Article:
## Introduction to data structures and algorithms in javascript: Binary Search Tree

This is a continuation of a series introducing data structures in javascript. A binary tree is a tree
based data structure in which each node has at most two child nodes. The child nodes are typically
referred to as the left and right nodes. Nodes with children are called parent nodes. The absolute
first node in the tree is referred to as the root node.

A binary search tree is a binary tree that is organized with the following properties:

– The left subtree of a node contains only nodes with keys that are less than the nodes key.
– The right subtree of a node contains only nodes with keys that are greater than the nodes key.
– Both the left and right subtrees must also be binary trees

With the data inserted into the tree in this manner, searching becomes more effecient than within an array
because traversal of the data structure can logically exclude elements for comparison. Traversing the structure
from the root node, a greater than or less than check will eliminate half of the data to be compared; assuming
that it is a perfectly balanced tree.

Each node in a binary search tree is similar to a doubly linked list in that they contain some data as well
as two pointers to other nodes. The key difference from a doubly linked list is that the nodes relate to
one another.

A javascript implementation of such a node would look like the following:

```var node = {
data: 17,
left: null,
right: null
}
```

The first step in building a binary search tree implementation is to define a custom type with a single property
that represents the root node.

```function BinarySearchTree() {
this.root = null;
}
```

To insert a value into the tree you must traverse the tree using the rules that are defined earlier in this document.
The one special case is when no root node exists; denoting that the node to be inserted is the root node.

```BinarySearchTree.prototype = {
insert: function(data){
var node = {
data: data,
left: null,
right: null
};

var currentNode;

if (this.root === null){
this.root = node;
} else {
currentNode = this.root;

while(true){
if (data < currentNode.data){
if (currentNode.left === null){
currentNode.left = node;
break;
} else {
currentNode = currentNode.left;
}
} else if (data > currentNode.data){
if (currentNode.right === null){
currentNode.right = node;
break;
} else {
currentNode = currentNode.right;
}
} else {
break;
}
}
}
},
};
```

Removal of a node from a binary search tree is can be a complex operation because the
tree must remain balanced. This means that all values on the left must be less than
all of the values on the right. There are two special cases to consider when removing
a node as well; existence of the node must be checked as well as determination if the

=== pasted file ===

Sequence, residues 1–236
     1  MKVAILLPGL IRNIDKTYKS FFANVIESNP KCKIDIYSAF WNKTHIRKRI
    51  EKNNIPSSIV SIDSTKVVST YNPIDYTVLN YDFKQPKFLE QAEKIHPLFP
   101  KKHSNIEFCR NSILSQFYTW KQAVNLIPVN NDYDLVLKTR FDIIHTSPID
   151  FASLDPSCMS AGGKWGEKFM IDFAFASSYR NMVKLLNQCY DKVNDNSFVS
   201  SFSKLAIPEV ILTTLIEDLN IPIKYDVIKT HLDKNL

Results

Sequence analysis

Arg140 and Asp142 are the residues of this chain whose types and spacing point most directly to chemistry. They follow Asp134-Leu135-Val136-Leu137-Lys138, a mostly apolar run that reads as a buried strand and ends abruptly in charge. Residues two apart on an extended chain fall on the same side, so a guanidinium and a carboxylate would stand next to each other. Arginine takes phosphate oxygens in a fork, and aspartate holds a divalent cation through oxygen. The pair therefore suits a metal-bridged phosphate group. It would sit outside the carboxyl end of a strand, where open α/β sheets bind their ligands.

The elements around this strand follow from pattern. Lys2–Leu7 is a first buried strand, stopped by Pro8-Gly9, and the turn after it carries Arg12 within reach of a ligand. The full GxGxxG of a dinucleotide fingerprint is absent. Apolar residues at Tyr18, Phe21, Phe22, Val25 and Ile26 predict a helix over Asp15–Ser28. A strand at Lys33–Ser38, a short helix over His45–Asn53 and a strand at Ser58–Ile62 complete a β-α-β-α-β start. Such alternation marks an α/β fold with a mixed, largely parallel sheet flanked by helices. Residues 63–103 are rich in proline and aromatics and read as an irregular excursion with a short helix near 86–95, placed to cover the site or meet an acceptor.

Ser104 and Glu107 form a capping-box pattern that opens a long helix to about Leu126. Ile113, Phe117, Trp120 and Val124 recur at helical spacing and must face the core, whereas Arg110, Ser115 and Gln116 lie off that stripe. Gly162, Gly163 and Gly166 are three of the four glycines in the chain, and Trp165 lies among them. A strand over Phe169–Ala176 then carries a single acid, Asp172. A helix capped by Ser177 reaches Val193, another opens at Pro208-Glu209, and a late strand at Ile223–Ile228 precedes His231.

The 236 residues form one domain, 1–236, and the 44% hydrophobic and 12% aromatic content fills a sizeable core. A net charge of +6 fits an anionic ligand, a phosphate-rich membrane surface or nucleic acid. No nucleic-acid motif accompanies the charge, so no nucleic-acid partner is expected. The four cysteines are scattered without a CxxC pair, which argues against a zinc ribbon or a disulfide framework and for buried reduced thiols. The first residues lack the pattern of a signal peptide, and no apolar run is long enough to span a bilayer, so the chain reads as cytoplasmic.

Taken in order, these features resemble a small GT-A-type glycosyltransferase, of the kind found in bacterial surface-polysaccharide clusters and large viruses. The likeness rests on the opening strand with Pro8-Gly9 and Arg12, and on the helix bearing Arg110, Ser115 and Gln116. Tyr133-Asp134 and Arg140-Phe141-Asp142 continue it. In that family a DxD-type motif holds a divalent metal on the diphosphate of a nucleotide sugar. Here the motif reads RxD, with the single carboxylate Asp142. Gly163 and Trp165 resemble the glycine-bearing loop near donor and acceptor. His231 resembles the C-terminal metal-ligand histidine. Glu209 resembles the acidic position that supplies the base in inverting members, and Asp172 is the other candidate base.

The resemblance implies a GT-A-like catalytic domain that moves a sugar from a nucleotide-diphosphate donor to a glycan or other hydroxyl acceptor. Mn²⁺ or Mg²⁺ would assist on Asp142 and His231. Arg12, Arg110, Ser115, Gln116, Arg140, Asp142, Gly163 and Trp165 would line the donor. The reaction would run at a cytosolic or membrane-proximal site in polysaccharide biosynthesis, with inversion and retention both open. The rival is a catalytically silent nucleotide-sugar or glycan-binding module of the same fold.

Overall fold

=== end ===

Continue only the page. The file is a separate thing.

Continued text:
node to be removed is the root node.

When removing a node, the number of children for that node must be taken into consideration
since the operations become slightly different depending on the number. Removing a node with
two children is the most complex.

```BinarySearchTree.prototype = {
remove: function(data){

var found = false;
var parentNode = null;
var currentNode = this.root;
var childCount;
var replacementNode;
var replacementParent;

while(!found && currentNode){
if (data < currentNode.data){
parentNode = currentNode;
currentNode = currentNode.left;
} else if (value > current.value){
parentNode = currentNode;
currentNode = currentNode.right;
} else {
found = true;
}
}

if (found){
childCount = (current.left !== null ? 1 : 0) +
(current.right !== null ? 1 : 0);

if (currentNode === this.root){
switch(childCount){
case 0:
this.root = null;
break;
case 1:
this.root = (currentNode.right === null ?
currentNode.left : currentNode.right);
break;
case 2:
replacementNode = this.root.left;

while (replacementNode.right !== null){
replacementParent = replacementNode;
replacementNode = replacementNode.right;
}

if (replacementParent !== null){
replacementParent.right = replacementNode.left;

replacementNode.right = this.root.right;
replacementNode.left = this.root.left;
} else {
replacementNode.right = this.root.right;
}

this.root = replacementNode;
}
} else {
switch (childCount){
case 0:
if (currentNode.data < parentNode.data){
parent.left = null;
} else {
parentNode.right = null;
}
break;
case 1:
if (currentNode.data < parentNode.data){
parentNode.left = (currentNode.left === null ?
currentNode.right : currentNode.left);
} else {
parentNode.right = (currentNode.left === null ?
currentNode.right : currentNode.left);
}
break;
case 2:
replacementNode = currentNode.left;
replacementParent = currentNode;

while(replacementNode.right !== null){
replacementParent = replacementNode;
replacementNode = replacementNode.right;
}

replacementParent.right = replacementNode.left;

replacementNode.right = currentNode.right;
replacementNode.left = currentNode.left;

if (currentNode.data < parentNode.data){
parentNode.left = replacementNode;
} else {
parentNode.right = replacementNode;
}
}
}
}
},
};
```

A generic method to traverse the array is useful to have for cases where you may want
to convert the values in the tree to an array or a string.

```BinarySearchTree.prototype = {
traverse: function(evaluate){
function iterate(node){
if (node){
if (node.left !== null){
iterate(node.left);
}

evaluate.call(this, node);

if (node.right !== null){
iterate(node.right);
}
}
}
iterate(this.root);
},

toArray: function(){
var result = [];

this.traverse(function(node){
result.push(node.data);
});

return result;
},

toString: function(){
return this.toArray().toString();
},
};
```

Below are some simple usage examples for this implementation of a binary
search tree in javascript.

```var bst = new BinarySearchTree();